Guinea Pig Lapbook

Now that we are homeschooling (or home educating, as it’s more commonly called here in Scotland) there are lots of ways to record our interests and what we investigate. One of the popular ones amongst homeschoolers are lapbooks: It’s a really simple way to collect information together and present it attractively (as well as provide lots of paper cutting and gluing time)…

We began our lapbook journey by using a template from Creative Learning, to celebrate the arrival of Robert & Rupert, our resident boar guinea pigs.

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So while we were doing the research, I found that this cage:

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Is far, far too small. So we built this one!

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And we added a base made from sign board material called “Correx” or “Coroplast” and then built some drawers for the base, so we have a lot of storage for all their food, hay, bedding and newspapers. It’s called Piggingham Palace.

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Although there was a lot of writing that Wee Bear is not yet ready for, we learned all about their life cycle, the kind of food they like best, the names of pups, boars & sows etc. She even drew portraits of our two boys. It’s since been doodled and and filled in rather randomly but I have a feeling we both like having these kind of ‘books’. So far she’s asked to make lots of lapbooks on subjects that randomly cross our path and the fabulous thing is, we can. Whatever she finds interesting, we can investigate. If something is boring, we won’t. I can hear some of you saying “we all have to do things that are boring” but just think: how much of the stuff that you crammed into your brains because you *had* to in school is still there? Did it encourage you to study, investigate, communicate with random passers by or shopworkers about your current project? No?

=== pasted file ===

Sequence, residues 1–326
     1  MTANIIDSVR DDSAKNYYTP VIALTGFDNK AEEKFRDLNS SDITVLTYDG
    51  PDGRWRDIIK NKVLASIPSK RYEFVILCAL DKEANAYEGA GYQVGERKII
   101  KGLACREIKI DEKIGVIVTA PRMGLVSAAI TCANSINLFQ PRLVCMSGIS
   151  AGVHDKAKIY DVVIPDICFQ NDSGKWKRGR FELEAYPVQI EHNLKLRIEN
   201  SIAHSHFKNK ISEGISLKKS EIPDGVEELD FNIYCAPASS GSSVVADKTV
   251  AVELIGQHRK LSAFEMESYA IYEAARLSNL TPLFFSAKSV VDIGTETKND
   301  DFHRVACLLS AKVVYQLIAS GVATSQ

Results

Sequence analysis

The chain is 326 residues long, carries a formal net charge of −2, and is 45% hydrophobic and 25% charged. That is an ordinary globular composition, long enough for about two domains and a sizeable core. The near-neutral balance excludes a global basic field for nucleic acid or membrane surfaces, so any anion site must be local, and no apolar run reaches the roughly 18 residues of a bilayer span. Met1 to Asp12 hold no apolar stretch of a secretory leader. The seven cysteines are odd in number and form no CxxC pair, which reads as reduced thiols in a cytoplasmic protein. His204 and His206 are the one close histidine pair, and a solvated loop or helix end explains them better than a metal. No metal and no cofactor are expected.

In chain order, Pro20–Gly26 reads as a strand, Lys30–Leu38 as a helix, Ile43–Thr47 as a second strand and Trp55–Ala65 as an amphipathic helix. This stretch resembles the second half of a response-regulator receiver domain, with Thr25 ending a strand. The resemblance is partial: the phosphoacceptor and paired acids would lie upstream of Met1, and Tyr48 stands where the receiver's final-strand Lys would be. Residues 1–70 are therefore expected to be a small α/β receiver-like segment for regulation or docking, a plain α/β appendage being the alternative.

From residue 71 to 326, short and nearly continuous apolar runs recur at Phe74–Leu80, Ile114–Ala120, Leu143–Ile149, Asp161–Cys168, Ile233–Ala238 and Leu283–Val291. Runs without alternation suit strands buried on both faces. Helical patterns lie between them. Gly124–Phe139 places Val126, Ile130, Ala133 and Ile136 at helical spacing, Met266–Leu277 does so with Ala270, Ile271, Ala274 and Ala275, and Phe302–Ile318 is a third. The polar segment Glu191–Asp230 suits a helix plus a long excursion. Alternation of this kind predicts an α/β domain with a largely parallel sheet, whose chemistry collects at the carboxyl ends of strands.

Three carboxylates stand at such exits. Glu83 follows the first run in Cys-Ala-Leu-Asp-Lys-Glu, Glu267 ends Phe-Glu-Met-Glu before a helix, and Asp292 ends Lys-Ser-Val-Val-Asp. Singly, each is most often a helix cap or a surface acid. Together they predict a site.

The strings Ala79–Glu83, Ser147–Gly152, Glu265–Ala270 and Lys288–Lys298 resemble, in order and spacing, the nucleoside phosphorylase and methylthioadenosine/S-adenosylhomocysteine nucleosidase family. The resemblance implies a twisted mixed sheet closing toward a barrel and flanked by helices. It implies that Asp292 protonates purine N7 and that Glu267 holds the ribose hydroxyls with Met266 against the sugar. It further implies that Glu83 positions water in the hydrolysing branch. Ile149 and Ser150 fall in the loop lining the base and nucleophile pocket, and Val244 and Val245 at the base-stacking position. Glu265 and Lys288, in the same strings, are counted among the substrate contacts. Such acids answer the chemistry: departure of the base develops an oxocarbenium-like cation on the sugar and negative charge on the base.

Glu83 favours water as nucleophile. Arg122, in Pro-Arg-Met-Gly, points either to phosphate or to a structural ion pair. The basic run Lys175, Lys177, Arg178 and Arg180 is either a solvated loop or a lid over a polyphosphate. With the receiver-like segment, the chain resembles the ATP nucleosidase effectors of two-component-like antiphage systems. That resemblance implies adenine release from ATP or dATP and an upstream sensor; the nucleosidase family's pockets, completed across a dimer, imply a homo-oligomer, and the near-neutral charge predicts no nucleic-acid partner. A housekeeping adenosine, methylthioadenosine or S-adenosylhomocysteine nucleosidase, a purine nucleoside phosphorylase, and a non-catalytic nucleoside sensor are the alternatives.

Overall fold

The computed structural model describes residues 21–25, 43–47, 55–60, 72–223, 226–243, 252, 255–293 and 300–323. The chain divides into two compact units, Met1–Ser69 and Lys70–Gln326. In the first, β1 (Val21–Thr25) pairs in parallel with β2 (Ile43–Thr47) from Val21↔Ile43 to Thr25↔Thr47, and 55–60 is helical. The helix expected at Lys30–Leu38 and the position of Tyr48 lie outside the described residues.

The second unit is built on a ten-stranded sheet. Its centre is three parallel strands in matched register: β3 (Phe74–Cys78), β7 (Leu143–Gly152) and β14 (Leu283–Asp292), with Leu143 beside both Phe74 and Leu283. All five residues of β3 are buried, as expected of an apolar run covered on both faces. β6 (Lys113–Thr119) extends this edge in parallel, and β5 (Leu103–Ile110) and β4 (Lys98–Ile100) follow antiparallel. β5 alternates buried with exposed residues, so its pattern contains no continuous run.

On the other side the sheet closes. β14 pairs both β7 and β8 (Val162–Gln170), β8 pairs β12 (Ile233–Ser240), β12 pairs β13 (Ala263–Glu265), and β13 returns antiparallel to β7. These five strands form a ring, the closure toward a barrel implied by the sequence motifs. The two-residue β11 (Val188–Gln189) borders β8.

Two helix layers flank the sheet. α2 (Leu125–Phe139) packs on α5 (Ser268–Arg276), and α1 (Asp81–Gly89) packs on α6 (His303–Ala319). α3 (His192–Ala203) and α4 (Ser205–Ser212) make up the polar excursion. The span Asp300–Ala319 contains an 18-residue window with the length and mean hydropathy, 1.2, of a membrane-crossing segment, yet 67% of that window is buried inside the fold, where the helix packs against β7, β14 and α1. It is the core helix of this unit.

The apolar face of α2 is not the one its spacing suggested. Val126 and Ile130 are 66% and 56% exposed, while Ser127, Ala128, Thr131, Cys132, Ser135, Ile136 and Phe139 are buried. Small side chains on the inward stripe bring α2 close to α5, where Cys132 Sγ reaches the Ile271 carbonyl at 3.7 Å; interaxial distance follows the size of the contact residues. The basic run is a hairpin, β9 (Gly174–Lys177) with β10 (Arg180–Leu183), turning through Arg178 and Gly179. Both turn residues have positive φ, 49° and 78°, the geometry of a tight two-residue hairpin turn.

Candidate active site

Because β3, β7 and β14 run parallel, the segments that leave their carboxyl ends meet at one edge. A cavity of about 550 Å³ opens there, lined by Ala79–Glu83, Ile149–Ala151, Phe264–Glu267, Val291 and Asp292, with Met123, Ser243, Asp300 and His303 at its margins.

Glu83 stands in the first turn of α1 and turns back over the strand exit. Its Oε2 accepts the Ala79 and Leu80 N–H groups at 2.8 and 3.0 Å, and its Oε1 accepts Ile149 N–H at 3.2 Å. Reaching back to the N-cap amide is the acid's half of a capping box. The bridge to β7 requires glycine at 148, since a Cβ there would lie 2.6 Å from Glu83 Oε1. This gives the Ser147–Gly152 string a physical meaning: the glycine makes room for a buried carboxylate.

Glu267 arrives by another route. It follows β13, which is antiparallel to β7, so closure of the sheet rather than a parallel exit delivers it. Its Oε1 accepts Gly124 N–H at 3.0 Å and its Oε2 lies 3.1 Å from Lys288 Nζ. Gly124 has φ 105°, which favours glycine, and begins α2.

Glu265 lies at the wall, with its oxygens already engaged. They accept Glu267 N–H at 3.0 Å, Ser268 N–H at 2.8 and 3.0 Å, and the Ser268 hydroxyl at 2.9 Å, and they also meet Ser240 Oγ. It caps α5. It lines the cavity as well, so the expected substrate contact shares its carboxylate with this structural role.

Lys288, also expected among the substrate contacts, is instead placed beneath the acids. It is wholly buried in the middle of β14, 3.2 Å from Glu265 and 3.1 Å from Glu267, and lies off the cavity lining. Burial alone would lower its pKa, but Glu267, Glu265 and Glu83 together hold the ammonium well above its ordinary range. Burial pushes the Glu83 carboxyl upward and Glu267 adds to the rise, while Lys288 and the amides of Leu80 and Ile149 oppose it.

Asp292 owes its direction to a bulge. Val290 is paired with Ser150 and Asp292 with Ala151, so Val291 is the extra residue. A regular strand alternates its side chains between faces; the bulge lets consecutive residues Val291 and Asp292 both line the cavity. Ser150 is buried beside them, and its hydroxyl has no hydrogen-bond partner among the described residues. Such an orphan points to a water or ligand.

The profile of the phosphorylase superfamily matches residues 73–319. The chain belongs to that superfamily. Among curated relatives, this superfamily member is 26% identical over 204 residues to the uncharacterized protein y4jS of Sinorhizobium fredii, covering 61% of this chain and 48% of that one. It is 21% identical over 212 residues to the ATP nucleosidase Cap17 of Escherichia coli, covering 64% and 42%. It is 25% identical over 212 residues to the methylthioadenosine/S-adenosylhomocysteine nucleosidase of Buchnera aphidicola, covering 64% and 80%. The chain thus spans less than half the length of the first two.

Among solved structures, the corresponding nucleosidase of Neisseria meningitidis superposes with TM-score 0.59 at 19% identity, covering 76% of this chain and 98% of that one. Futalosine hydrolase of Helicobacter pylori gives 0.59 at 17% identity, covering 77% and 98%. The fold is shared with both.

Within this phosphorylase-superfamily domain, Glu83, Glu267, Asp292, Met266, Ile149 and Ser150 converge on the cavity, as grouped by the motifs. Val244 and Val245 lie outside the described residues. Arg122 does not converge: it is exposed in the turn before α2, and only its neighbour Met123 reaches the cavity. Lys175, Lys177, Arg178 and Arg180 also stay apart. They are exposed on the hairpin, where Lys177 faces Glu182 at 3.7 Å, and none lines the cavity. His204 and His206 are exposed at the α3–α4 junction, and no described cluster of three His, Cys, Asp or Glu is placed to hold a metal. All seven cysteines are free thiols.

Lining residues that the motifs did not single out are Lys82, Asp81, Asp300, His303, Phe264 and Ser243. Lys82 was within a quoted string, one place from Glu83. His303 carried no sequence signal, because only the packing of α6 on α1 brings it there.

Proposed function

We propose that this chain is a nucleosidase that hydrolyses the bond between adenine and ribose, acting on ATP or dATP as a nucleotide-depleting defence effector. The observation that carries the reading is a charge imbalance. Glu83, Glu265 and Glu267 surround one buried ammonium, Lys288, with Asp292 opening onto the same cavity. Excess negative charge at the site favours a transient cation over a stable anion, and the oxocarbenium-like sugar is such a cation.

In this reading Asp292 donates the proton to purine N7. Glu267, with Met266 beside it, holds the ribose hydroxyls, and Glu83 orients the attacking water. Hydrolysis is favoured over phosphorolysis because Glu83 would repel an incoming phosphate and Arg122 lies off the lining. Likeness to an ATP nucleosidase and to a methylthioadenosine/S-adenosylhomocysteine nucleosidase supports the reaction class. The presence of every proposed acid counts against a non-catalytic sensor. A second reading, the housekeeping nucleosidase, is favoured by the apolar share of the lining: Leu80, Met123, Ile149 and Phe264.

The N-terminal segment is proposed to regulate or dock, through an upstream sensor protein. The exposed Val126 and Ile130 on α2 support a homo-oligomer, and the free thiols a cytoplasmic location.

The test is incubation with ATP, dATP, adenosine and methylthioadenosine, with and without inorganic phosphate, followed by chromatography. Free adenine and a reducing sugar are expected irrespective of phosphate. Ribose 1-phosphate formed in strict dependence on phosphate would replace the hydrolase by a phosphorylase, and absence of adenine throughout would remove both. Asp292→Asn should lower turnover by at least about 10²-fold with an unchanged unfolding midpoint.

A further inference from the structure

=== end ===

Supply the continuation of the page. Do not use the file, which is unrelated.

Education is to light a fire, not fill a bucket. (W.B. Yeats)

3 thoughts on “Guinea Pig Lapbook

  1. I still think there are times when you just have to learn stuff however ‘boring’. Maths for example does not set my world alight but I need a bit of it when I sew. However, having said that what you are doing is far more inspirational and important. Your children will grow up with a love of learning and that is an amazing gift to pass on to any lucky child x

    1. Hi Josie. I do agree completely! However, there are ways to get my girl to do things and the best way I’ve found is sneaking them in when she’s not completely listening. She’s an unusual little bod who will hear something, not pay obvious attention, then later (and it could be weeks later) you’ll be asked about how to divide something, what halfs are, etc. It will take us a while but I’m glad that, so far, we aren’t having to push her. In fact, I can’t think of anything more guaranteed to turn her off to any kind of learning. In fact, sewing is a perfect way to learn maths in a practical way!

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